Japan's Kyodo News Service reported Pyongyang has abolished the agency, code-named "Office 38," under the Workers' Party of (North) Korea. It quoted unidentified "sources familiar with North Korean affairs."

   Kyodo's story has not been confirmed independently.

   It cited the sources as saying the North's move reflects efforts by the young leader Kim Jong-un to streamline entities involved in earning foreign currency and also increase the role of the cabinet.

   Office 38, created by the late leader Kim Jong-il, is known as a party bureau that manages the funds of the Kim family and ruling elites.

   Its main mission was to oversee transactions involving foreign currency, hotels and trade.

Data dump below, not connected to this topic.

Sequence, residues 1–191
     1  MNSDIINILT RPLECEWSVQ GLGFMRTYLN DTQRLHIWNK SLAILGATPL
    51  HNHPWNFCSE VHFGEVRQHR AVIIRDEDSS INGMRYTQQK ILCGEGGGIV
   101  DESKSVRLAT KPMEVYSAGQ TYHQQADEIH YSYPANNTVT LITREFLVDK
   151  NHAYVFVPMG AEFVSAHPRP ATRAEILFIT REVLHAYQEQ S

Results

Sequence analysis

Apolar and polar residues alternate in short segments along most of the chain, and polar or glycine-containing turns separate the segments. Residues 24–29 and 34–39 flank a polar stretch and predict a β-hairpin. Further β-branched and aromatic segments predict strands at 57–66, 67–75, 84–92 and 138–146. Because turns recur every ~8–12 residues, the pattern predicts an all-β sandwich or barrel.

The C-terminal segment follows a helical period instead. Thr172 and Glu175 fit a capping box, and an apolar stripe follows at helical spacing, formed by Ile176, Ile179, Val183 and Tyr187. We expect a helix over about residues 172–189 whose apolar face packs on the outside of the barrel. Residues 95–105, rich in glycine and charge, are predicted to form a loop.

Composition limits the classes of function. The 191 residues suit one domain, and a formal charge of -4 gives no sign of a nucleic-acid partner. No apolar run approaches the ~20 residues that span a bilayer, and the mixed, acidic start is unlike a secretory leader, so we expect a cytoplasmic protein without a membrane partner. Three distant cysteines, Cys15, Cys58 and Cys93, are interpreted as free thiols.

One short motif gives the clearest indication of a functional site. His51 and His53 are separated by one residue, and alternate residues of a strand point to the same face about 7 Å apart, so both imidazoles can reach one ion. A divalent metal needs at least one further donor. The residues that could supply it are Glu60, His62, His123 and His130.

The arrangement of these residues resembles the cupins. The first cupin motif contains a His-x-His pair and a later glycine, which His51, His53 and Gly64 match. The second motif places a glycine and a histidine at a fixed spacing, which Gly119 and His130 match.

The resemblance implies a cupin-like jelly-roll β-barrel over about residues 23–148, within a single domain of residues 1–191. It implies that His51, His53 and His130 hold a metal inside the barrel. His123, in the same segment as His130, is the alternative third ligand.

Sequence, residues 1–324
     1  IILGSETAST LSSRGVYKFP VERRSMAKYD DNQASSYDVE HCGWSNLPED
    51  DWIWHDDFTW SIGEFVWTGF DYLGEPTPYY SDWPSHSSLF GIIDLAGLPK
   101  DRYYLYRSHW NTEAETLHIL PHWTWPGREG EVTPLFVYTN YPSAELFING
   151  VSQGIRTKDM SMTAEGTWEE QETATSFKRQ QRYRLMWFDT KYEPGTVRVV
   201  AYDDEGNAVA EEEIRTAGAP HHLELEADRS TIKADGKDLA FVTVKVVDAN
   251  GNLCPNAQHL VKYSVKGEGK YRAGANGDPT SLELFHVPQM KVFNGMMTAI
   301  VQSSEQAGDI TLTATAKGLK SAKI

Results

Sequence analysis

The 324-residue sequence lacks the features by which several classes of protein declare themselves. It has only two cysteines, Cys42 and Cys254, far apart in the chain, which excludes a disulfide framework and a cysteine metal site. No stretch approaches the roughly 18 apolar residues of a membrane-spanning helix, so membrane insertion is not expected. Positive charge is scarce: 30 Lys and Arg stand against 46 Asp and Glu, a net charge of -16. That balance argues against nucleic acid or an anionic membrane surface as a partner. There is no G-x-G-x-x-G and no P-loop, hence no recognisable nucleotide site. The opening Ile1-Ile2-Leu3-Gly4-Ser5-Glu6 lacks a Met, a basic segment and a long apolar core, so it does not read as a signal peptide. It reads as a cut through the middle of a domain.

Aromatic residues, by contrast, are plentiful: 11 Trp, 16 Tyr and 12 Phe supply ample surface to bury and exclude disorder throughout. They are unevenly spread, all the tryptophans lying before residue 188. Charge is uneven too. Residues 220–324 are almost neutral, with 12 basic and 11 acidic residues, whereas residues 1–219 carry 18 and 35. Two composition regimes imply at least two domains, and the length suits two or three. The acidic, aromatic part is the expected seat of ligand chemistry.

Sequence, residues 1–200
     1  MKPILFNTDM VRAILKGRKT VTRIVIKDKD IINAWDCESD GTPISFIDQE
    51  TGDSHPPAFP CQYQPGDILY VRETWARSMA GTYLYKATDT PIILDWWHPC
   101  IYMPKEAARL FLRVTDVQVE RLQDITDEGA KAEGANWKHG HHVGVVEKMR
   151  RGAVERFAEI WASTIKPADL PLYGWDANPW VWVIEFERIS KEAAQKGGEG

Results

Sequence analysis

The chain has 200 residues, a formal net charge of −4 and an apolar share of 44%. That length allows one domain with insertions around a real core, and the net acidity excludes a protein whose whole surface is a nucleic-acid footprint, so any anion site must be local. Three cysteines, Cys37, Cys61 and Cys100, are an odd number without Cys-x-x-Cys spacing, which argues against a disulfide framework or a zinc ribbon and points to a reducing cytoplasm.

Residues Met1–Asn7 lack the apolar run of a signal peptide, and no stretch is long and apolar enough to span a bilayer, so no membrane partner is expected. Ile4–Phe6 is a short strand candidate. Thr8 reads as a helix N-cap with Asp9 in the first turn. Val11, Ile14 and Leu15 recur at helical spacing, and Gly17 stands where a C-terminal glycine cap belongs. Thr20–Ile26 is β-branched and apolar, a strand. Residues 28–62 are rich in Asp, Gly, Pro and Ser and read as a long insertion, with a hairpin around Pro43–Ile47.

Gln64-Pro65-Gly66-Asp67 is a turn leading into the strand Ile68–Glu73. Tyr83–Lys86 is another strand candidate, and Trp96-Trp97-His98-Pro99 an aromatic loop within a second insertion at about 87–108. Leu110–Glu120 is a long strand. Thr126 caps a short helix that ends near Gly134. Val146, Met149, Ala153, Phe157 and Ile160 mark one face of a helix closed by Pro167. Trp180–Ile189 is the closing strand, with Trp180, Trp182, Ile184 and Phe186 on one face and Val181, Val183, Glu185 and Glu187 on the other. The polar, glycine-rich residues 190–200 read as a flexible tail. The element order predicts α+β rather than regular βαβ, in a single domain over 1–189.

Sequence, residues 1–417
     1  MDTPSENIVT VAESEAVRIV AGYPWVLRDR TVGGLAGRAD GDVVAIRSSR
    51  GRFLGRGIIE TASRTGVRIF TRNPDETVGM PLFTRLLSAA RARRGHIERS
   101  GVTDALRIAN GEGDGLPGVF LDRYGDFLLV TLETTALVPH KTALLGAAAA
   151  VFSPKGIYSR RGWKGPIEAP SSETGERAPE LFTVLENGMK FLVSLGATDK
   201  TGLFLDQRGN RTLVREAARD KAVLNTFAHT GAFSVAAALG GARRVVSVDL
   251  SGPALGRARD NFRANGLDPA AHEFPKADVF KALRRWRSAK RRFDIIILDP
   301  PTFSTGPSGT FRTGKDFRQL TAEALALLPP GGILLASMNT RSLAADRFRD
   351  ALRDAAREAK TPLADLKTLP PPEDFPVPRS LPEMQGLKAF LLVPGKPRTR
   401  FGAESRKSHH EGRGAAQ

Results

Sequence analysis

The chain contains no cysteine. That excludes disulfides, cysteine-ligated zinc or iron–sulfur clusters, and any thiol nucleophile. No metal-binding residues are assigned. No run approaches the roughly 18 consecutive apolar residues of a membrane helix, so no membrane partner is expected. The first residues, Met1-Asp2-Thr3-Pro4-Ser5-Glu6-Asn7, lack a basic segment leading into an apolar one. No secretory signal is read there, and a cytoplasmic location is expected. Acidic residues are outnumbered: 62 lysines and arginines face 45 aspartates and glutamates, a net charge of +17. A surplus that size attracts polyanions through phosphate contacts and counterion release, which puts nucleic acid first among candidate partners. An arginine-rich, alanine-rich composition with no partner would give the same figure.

Kyodo said such a role has been transfered to a new entity called the Moranbong Bureau, believed to belong to the cabinet.

   Office 38 was merged in 2009 with another party body, Office 39, which was in charge of illicit economic activity, such as drug smuggling and arms trading, to support the government, according to previous media reports.

   Pyongyang revived Office 38, however, in 2010, they added.

   Kyodo said the Kim leadership also disbanded Office 39 recently.

   A North Korean leadership specialist based in the U.S. was cautious about Pyongyang's reported move.

   "We could (see it as a good sign, if true), but we need to look more closely," said Ken Gause, a senior researcher at CNA Strategic Studies' International Affairs Group.

   "In the past, Office 38 has been folded into Office 39 only to be resurrected as a separate office. So we cannot take any organizational restructuring at face value," he added.

  (END)